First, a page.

Mil Med. 2023 Nov 8;188(Supplement_6):124-133. doi: 10.1093/milmed/usad056.
INTRODUCTION: Because chronic difficulties with cognition and well-being are common after mild traumatic brain injury (mTBI) and aerobic physical activity and exercise (PAE) is a potential treatment and mitigation strategy, we sought to determine their relationship in a large sample with remote mTBI.
MATERIALS AND METHODS: The Long-Term Impact of Military-Relevant Brain Injury Consortium-Chronic Effects of Neurotrauma Consortium prospective longitudinal study is a national multicenter observational study of combat-exposed service members and veterans. Study participants with positive mTBI histories (n = 1,087) were classified as “inactive” (23%), “insufficiently active” (46%), “active” (19%), or “highly active” (13%) based on the aerobic PAE level. The design was a cross-sectional analysis with multivariable regression. PAE was reported on the Behavioral Risk Factor Surveillance System. Preselected primary outcomes were seven well-validated cognitive performance tests of executive function, learning, and memory: The California Verbal Learning Test-Second Edition Long-Delay Free Recall and Total Recall, Brief Visuospatial Memory Test-Revised Total Recall, Trail-Making Test-Part B, and NIH Toolbox for the Assessment of Neurological Behavior and Function Cognition Battery Picture Sequence Memory, Flanker, and Dimensional Change Card Sort tests. Preselected secondary outcomes were standardized self-report questionnaires of cognitive functioning, life satisfaction, and well-being.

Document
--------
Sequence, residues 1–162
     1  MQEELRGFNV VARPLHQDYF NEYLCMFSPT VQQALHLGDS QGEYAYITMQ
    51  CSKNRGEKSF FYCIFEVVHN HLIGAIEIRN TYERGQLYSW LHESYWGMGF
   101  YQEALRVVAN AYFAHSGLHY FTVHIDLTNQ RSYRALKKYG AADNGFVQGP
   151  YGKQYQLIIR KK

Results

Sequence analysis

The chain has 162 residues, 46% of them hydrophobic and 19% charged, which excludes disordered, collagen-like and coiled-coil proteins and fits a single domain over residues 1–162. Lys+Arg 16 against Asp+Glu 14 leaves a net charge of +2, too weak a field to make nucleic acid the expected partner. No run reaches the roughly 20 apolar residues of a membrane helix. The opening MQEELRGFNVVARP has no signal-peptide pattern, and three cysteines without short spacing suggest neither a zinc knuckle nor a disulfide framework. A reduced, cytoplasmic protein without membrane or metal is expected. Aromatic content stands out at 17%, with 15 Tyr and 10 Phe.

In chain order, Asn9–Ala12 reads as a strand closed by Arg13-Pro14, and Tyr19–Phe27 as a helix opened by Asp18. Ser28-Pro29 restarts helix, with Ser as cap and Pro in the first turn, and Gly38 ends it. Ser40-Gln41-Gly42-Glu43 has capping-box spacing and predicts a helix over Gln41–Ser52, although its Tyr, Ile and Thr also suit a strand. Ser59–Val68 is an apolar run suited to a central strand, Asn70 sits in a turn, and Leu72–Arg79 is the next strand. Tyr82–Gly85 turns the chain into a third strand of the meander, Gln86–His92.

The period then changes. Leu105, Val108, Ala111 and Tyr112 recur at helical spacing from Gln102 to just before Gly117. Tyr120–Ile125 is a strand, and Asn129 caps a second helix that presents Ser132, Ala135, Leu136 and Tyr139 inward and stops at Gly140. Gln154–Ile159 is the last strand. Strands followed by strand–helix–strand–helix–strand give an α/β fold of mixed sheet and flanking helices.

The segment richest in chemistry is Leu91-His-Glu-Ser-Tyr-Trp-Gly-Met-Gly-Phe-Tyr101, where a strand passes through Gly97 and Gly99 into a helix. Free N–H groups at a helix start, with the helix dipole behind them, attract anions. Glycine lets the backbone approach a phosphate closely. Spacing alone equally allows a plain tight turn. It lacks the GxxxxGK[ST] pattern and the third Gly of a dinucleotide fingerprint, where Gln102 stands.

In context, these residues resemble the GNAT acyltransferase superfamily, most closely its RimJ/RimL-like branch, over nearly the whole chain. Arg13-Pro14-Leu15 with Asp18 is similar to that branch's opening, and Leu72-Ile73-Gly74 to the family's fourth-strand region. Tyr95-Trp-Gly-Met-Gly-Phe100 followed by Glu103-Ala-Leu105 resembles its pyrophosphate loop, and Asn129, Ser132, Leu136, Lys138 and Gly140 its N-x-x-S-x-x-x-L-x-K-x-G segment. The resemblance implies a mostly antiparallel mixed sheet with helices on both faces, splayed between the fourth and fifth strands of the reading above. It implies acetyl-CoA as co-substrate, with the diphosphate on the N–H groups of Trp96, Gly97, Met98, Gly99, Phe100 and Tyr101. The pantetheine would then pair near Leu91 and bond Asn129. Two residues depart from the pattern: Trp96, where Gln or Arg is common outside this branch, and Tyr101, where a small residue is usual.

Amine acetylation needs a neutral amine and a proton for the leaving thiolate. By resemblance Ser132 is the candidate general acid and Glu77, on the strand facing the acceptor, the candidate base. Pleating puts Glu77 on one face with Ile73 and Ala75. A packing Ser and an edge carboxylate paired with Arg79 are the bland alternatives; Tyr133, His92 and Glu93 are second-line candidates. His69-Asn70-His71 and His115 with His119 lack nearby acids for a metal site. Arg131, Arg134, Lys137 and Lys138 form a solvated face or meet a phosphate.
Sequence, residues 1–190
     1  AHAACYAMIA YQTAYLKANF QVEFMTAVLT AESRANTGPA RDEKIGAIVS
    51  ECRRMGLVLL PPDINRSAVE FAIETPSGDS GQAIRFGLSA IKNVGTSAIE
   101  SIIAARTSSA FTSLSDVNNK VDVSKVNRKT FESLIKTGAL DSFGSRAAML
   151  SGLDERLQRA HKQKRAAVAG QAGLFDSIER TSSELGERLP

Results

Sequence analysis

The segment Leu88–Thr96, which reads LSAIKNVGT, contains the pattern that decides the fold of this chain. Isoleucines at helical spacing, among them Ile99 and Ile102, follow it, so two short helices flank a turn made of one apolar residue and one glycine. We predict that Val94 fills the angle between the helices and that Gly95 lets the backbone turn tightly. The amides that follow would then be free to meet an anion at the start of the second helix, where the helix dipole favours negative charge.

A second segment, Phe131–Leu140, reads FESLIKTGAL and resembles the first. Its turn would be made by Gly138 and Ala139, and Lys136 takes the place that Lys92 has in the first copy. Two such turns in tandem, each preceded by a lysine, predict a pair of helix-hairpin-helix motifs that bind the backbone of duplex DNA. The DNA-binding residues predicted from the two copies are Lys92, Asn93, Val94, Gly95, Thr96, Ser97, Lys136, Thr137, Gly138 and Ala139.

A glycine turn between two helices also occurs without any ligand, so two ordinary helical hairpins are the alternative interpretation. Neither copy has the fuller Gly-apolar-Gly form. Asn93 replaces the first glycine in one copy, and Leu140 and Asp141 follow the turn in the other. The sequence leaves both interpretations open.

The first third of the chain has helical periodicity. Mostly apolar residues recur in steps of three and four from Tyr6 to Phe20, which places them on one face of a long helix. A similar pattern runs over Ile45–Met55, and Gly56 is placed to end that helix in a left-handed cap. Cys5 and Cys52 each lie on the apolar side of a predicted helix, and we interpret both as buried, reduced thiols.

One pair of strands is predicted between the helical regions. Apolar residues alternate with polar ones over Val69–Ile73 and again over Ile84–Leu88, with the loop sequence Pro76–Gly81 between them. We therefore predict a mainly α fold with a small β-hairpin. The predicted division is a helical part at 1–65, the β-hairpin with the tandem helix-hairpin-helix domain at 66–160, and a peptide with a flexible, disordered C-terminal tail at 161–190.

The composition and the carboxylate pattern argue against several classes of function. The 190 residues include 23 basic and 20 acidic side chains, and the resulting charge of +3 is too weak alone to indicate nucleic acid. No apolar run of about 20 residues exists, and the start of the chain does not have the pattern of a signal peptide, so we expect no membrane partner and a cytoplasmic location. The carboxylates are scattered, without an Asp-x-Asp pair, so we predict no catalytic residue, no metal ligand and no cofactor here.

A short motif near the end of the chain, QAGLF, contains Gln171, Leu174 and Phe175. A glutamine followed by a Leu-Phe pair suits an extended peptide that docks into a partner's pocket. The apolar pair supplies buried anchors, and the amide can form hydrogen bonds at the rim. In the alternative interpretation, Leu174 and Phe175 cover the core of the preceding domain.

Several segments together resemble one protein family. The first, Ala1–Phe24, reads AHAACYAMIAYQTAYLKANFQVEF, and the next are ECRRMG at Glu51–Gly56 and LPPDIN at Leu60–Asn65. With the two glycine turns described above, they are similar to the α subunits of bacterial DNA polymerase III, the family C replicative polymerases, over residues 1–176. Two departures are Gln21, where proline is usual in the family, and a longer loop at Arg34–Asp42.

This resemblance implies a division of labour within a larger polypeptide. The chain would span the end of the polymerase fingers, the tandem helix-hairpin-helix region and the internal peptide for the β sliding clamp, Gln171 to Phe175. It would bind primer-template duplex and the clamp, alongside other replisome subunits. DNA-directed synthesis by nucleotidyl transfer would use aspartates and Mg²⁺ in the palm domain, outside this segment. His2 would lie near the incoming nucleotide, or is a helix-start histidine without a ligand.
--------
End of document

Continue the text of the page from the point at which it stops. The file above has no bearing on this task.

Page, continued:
RESULTS: Across the aerobic activity groups, cognitive performance tests were not significantly different. Life satisfaction and overall health status scores were higher for those engaging in regular aerobic activity. Exploratory analyses also showed better working memory and verbal fluency with higher aerobic activity levels.
CONCLUSIONS: An association between the aerobic activity level and the preselected primary cognitive performance outcome was not demonstrated using this study sample and methods. However, higher aerobic activity levels were associated with better subjective well-being. This supports a clinical recommendation for regular aerobic exercise among persons with chronic or remote mTBI. Future longitudinal analyses of the exercise-cognition relationship in chronic mTBI populations are recommended.